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Shoot from the Lip: The PSP Disaster

Is it me, or was there a huge gap of anti climax after Grand Theft Auto: Liberty City Stories released for Sony’s PSP? We’d lapped up Ridge Racer, exchanged glances over Lumines and drummed our fingers a thousand times waiting for Midnight Club 3 to load when Rockstars behemoth launched and ensured a good Christmas sale. But there was never a follow up; it’s reminiscent of a bad boxing match, where the expected victor throws a few jabs, followed by a huge punch, and then sits back watching his weary opponent stagger around and find his feet, rather than landing more heavy blows to floor him for good.

I’d heard rumours of Sony copying Nintendo’s ideas, but this is silly…

The DS was on its arse; we’d barely seen a game since its launch this time last year. Advance Wars kind of wandered onto the scene unnoticed, and Nintendogs followed up shortly to try and steal some thunder from the Sony bandwagon. We all thought that by this time we’d be singing the praises of a certain big screened handheld and pitying that of a dual screen one. But it’s the exact opposite. Suddenly DS owners had a fantastic line up of games to choose from. Lost in Blue, Animal Crossing, Trauma Centre, Mario Kart and Phoenix Wright lept out of nowhere, offering not only fantastic gameplay but also originality. The online structure kicked into place and suddenly Nintendo were cool again.

What has further undermined the PSP’s position, besides the announcement that its biggest title in Liberty City Stories will be reproduced at a budget price for the PS2, is the slurry of, well, crap that has hit the handheld. There’s no must have titles in there, instead above average or slightly good games that would be worth a purchase should you see a 2 for £30 sticker in a shop somewhere.

Pro Evolution Soccer 5 was well below par. Given the sheer brilliance of the home console versions, it’s obvious that this version was released purely and simply to cash in on the new cool machine. There’s no way in hell you can tell me that the developers put their heart and sole into something that lacked the Master League mode, which is the bread and butter of the game, incredibly bad camera views and a control layout that would break your fingers. Prince of Persia was another example of shoddy developing. By no means a bad game, but without the heart and soul that made the console versions big hits. Splinter Cell and Football Manager 2006 are further examples of companies attempting to cash in on Sony’s new gadget by feeding us shoddy releases. Pursuit Force was another title that promised so much yet ended up becoming boring and repetitive.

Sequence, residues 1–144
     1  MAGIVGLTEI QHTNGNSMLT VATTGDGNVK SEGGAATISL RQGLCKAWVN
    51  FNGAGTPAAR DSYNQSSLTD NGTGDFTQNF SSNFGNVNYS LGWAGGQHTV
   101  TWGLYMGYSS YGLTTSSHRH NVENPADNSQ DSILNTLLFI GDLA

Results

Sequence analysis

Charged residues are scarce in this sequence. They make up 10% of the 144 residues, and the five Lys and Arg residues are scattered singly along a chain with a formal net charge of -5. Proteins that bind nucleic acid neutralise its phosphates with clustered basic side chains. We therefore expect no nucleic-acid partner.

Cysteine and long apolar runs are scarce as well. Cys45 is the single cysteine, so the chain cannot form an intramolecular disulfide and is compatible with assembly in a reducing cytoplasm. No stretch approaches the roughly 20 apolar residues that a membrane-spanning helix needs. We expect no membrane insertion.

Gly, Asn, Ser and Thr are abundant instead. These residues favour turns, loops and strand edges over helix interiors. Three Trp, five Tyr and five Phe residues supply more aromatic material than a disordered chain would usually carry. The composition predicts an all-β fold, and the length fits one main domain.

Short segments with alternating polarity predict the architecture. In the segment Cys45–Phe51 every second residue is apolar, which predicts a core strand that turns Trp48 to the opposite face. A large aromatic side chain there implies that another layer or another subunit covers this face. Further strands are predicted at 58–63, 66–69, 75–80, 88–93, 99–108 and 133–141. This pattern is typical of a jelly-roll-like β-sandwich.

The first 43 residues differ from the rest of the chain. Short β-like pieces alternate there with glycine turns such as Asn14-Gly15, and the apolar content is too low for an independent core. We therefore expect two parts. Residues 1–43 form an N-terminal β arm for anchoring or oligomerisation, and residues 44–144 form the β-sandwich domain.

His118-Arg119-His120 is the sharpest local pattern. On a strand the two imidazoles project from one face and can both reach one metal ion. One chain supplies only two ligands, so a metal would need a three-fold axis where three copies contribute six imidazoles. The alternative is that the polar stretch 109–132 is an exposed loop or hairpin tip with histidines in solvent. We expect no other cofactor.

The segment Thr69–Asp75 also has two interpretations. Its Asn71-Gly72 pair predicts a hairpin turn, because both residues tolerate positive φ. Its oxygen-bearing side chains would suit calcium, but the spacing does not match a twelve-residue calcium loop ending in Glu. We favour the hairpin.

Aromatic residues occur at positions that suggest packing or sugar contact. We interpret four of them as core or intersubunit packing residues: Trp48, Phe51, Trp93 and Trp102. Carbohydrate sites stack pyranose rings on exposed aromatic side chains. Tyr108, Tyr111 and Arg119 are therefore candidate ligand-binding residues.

…although you have to admit, this looks incredibly sexy

The UMD format is now almost obsolete in Hollywood. Sales have gone down the pan spectacularly, publishing studios have pulled the plug on future releases, instead concentrating on the DVD format, and there’s even speculation surrounding the future of the PS3’s Blu Ray technology. But we’ll save the ranting for another day.

Sony has been incredibly slow to recognise the potential of retro gaming, and has instead been battling with hackers releasing emulators and homebrew media to give gamers something to play other than the stuff we’re expected to part hard cash for. Only now have they (Sony) announced that a “future” firmware update will include a PSOne emulator. How long it’ll take to emerge is anyone’s guess.

The handheld is redundant when put alongside the PS2. You can connect it and listen to music from your memory stick, but you can’t watch movies in full screen, or play games on your TV. You can’t even get an adapter to plug into those horrendously underused USB ports and channel the PSP’s online browser through your PS2’s broadband adapter. Lost potential? You bet.

Yes, that’s right folks, Toni is heading back to the PS2. Sharpish.

Nintendo on the other hand are having a ball. We already knew that the Game Cube was sliding off shelves when the DS came out, so there was little point in making a connection like the GBA had with the ‘Cube. Instead we’ve a rock steady online service which is safe for all ages; little Timmy can’t be led astray by nasty men in overcoats because they can’t communicate with each other. The focus is purely on gaming, something with Sony seems to be tip-toeing around by concentrating on everything else but.

I’ll admit it, some of us here at Thunderbolt have been hard on Nintendo (mind you, without any games being sent to review, who can blame us) but you have to give them their due, they saw the opportunity and grabbed it with both hands. And it’s us, the gamers, who are feeling the benefit of all this.

If Nintendo release another version of the DS, it should resemble this.

Where we’re feeling the blues is in the pocket, because suddenly that sleek black machine is still playing the same games it was back in August. The office copy of GTA was sold off as soon as the announcement came through from Rockstar that it would be making it for the PS2, because we could get a good amount for the title on eBay. We’re still hacking round corners on Ridge Racer and are still swearing profusely at Lumines. Our handheld now has its 4th screen protector covering the screen, because the other three have had ring marks from cups of tea sat on it as we played our DS. Has yours?

The author of this fine article

is a Senior Staff Writer at Thunderbolt, having joined in June 2002.

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